At long last, the basketball season is here. This week we saw Texas tip off twice against Boston University and Rhode Island. Well, those of us who had to work probably only were able to catch the Boston University game. So far, there is a lot for Texas fans to be excited about.
This season, I will be writing a weekly column diving into the week's basketball action. I am going to try to use advanced basketball statistics, and a bit of logic and intuition to try to understand what is happening with the Texas Longhorns. But this isn't a column about fantasy basketball, it is a column about real basketball. I think the statistics help us understand the game better. With a calculator and a box score, you can really figure out a lot about why a given team won and the other team lost.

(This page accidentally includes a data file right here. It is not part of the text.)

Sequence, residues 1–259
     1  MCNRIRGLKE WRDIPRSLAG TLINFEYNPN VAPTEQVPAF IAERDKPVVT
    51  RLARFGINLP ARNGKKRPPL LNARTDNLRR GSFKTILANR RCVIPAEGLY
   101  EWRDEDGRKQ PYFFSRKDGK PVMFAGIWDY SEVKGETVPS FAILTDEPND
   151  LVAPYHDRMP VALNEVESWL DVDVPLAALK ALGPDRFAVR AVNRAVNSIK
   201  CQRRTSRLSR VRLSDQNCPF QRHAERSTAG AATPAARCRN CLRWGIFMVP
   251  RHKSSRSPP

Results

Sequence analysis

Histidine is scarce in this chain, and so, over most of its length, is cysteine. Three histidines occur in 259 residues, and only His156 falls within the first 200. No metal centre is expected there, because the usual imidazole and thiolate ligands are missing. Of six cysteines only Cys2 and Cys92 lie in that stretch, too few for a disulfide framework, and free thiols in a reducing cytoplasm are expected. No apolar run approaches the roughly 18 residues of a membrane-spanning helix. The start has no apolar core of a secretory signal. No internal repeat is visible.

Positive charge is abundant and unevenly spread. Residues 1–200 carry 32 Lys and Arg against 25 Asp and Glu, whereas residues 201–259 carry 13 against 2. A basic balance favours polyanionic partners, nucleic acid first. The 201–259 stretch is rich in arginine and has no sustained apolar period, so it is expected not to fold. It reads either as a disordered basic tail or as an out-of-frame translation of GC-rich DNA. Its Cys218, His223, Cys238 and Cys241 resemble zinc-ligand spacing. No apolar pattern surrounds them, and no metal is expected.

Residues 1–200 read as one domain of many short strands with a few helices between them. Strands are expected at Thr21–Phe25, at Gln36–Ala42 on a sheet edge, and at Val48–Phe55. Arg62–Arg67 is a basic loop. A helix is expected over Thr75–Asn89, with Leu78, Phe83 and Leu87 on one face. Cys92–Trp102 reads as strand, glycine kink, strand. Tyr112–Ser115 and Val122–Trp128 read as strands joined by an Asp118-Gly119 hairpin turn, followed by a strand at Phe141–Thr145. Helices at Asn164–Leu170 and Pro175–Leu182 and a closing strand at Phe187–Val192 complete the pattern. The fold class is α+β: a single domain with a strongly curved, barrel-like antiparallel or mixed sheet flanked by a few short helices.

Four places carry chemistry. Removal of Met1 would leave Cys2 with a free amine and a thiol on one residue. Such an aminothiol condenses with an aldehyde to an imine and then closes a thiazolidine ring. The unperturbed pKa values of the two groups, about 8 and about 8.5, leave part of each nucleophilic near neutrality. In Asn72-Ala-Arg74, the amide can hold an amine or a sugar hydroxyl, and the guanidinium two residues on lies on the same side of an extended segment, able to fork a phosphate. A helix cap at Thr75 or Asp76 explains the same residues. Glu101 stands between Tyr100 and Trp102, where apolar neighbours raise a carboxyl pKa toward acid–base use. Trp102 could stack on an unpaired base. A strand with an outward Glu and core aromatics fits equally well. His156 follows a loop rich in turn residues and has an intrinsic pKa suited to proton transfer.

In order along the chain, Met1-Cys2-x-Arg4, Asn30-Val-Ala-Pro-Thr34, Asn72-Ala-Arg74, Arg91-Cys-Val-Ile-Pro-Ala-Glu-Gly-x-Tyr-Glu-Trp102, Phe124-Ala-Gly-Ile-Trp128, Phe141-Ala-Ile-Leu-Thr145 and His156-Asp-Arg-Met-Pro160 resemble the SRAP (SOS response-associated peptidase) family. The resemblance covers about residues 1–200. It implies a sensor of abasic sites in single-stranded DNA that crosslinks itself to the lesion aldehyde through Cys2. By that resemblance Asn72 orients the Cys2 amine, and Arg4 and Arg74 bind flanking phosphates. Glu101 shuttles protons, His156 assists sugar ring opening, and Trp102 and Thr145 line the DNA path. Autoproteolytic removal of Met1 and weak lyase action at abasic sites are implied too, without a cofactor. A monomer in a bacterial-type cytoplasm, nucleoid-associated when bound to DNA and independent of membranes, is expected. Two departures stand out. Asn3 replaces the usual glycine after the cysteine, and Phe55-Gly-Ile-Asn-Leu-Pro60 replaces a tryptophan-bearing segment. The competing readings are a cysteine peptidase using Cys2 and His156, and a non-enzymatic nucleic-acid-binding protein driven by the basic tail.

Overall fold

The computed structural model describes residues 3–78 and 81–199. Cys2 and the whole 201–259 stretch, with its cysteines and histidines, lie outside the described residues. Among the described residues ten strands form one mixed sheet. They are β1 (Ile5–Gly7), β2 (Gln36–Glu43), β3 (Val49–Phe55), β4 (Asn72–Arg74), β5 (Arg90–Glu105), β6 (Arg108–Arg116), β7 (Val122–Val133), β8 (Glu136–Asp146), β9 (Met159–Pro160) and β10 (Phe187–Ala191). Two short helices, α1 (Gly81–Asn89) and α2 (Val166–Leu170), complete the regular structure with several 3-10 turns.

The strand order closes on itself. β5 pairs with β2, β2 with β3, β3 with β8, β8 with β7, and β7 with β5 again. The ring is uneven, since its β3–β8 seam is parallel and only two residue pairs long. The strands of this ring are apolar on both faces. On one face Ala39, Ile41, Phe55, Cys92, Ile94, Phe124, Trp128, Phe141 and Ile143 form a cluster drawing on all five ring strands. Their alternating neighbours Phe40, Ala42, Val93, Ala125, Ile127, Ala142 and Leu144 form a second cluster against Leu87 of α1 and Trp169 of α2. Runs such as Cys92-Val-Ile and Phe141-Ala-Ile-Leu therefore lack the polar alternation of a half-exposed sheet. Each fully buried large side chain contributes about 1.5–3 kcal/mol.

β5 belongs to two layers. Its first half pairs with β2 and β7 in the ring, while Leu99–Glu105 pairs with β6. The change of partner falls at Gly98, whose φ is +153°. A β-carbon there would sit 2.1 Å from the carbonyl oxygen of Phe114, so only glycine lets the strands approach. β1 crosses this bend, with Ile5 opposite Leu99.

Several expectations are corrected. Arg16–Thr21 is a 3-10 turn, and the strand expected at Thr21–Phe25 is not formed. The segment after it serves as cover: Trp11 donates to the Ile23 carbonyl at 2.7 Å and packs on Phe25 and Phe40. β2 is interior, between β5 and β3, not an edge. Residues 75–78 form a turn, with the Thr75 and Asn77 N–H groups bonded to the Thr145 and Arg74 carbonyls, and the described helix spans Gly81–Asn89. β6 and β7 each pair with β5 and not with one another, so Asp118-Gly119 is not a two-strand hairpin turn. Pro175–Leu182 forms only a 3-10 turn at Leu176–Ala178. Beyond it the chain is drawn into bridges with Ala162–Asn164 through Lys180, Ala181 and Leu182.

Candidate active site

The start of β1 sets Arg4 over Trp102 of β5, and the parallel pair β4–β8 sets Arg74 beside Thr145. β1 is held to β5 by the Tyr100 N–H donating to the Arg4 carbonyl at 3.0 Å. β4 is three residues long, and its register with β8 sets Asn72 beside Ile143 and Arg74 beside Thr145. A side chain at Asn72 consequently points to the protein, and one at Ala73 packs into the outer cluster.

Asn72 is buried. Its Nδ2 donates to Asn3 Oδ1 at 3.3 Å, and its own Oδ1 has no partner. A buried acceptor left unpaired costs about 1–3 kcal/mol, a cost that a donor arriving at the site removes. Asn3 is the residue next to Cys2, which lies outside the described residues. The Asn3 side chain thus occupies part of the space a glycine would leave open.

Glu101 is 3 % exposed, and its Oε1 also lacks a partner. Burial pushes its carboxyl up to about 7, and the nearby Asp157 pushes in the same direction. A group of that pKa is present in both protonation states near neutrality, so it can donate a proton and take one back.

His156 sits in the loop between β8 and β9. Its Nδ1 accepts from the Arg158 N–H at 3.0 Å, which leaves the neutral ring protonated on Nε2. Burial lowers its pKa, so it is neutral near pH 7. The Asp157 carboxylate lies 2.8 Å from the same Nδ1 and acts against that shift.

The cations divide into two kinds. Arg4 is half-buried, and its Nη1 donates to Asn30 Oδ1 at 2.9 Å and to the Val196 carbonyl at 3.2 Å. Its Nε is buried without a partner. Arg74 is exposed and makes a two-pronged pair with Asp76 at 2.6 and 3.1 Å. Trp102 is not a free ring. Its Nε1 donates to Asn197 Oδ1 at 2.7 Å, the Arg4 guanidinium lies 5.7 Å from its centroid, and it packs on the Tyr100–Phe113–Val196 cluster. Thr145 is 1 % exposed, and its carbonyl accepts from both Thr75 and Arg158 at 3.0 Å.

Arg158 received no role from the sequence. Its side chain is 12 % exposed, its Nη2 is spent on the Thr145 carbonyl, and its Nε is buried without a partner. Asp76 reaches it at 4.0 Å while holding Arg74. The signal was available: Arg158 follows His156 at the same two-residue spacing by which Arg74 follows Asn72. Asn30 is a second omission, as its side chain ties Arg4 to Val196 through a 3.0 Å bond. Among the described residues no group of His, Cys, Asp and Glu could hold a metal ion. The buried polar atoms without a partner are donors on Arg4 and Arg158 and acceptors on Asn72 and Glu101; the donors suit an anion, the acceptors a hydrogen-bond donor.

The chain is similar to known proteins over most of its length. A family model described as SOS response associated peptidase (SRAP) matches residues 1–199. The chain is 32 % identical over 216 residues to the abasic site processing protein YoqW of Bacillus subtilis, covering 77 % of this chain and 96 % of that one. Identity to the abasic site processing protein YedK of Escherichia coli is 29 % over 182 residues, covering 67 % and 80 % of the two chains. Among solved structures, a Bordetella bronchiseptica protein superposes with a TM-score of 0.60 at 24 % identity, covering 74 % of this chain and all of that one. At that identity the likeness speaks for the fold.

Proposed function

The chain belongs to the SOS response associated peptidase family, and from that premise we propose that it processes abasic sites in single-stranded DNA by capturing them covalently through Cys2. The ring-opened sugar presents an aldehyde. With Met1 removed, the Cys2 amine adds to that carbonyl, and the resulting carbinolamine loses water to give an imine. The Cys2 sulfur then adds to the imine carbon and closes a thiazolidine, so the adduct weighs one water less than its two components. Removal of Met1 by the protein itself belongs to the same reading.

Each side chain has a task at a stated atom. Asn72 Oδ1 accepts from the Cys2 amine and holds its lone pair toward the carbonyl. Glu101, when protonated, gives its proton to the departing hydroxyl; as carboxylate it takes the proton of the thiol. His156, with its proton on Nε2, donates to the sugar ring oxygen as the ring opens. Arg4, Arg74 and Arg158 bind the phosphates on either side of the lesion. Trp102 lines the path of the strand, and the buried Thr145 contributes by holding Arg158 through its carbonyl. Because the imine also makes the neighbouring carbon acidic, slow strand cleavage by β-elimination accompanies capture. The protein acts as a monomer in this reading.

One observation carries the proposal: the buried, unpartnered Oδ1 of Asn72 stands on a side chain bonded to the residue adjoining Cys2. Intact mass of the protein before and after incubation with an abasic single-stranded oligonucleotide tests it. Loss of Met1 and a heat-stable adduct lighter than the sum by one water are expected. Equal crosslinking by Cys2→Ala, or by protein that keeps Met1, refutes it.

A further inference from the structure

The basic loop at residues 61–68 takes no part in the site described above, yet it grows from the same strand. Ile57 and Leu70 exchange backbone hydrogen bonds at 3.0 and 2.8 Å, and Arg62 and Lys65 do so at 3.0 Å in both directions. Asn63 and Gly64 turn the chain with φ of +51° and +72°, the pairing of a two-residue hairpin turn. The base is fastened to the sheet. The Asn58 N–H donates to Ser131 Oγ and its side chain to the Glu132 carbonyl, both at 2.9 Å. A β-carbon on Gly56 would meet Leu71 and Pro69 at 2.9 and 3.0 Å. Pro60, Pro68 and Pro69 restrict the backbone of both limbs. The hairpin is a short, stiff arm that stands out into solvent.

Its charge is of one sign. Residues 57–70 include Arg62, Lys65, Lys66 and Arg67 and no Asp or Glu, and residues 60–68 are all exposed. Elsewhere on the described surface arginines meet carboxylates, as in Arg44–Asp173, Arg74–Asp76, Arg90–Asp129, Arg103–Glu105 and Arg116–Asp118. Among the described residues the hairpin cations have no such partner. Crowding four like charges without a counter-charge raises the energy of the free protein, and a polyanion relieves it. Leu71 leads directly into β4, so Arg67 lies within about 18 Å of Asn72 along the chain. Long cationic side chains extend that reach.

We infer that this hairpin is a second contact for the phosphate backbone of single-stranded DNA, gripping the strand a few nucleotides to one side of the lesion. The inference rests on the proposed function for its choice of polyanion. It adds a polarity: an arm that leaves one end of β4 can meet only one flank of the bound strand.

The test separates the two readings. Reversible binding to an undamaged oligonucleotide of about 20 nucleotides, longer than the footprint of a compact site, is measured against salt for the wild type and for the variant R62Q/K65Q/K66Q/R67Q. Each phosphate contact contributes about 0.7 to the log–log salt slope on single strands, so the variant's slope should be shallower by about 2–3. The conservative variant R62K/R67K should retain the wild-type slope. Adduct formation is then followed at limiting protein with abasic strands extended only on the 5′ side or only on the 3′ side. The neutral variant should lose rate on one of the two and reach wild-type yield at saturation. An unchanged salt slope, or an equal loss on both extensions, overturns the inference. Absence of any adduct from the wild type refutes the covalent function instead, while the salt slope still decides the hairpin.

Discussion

But these statistics don't tell us everything. Often times, they don't tell us in great detail why something happened. But they do show us where to start looking for things. After that, we need observation, logic, and understanding to go further. That is the hard part, but also the fun part.
I believe that data tell a story. My job is to help illuminate that story, but not to get in the way. Hopefully, I can do that.
The week in review
Success in basketball just comes down to four simple things:
1. Maximize the number of shots you get per possession.
2. Minimize the number of shots your opponent gets per possession.
3. Be as efficient with your shots as possible.
4. Make you opponent as inefficient with their shots as possible.